MTB Review: Fox F29 Terralogic Fork

Back in March I post an On Test article where I covered the technology packed inside the 100mm Fox F29 Terralogic suspension fork. Now that I’ve put a bunch of miles in I’m ready to post my final review. Did it live up to the performance claims and marketing hype? Is Terralogic the next best thing since sliced bread? Read onto find out.

Install and Set Up

Installing the fork was easy – no issues.The crown race pressed on nicely, the brake mount was faced, and the threads were clean and smooth. This was my first time using a thru-axle, and Fox’s 15mm QR was very easy toset up and use. The axleslides inon the left side through the fork leg and hub and into the right fork leg. In the right fork leg there’s anut the axle threads into. You thread it in until it starts to snug up, then flip the lever closed. How that nut is positioned will determine the orientation of the lever. You should set the nut up so that when you close the lever it is pointed up parallel to the fork leg, easy to use but tucked up out of the way. Once you get this dialed, it will always close in the same position, and it’s very easy and fast to install or removethe axle. No tools are needed to remove or install the wheel in the fork.

How this nut is positioned in the drop out determines the QR lever’s position when it’s closed. That black clip holds it in place, making the Fox QR15 a tool-free thru-axle.

To get the fork’s suspension settings the way I wanted I firstturned the Terralogic function off (more on Terralogic later) and used the air pressure guidein the owner’s manualas a starting point for setting the sag and spring rate. The guide was pretty accurate – I ended up using only about 5psi more than it suggested for my weight. Next I set up the rebound. I wanted the fork to rebound quickly, but not so quick that it seemed like it was fighting back. My initial rebound setting turned out to be a little too slow (too much rebound dampening) and the fork packed down on repeated high speed hits. With a few turns of the red knob on top of the right leg, everything was gravy. I settled on 5 clicks from full fast (there are 15 settings).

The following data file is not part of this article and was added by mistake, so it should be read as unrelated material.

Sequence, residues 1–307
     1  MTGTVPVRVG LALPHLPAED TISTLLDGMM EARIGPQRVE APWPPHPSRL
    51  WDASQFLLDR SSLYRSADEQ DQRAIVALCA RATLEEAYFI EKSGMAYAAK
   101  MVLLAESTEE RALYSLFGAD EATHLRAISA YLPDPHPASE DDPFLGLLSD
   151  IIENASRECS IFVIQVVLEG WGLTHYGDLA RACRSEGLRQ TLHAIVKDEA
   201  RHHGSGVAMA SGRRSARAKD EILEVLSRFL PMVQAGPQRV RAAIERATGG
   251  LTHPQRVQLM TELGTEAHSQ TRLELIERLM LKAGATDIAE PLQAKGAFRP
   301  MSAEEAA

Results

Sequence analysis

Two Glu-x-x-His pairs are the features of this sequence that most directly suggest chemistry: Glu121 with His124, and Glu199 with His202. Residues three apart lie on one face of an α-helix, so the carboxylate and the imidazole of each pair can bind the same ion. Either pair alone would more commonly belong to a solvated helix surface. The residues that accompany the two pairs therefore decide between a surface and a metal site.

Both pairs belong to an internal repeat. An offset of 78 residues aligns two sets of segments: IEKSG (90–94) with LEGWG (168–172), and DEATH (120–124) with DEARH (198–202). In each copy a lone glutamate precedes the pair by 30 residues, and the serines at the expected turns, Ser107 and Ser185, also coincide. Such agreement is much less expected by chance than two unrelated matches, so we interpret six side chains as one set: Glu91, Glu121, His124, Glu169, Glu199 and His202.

The red knob on top of the right fork leg adjusts rebound. The air valve is hidden beneath the blue knob on top of the left fork leg. An o-ring on the left fork leg lets you see how much travel you are using.

Lastly I set up the Terralogic threshold. I found asteep hill in my neighborhood and hammered up it out of the saddle. With the Terralogic knob in position 1 the feature is basically turned off so the fork bobbed a lot. I started dialing up the Terralogic until I got no more bob, which for me was position9 of 15. Then it was time to load up and head to the trails!

Terralogic is adjusted using the knob on the bottom of the right fork leg. It’s not easy to get to while riding, but doesn’t need to be. It is a set-it and forget-it setting.

Terralogic on the Trail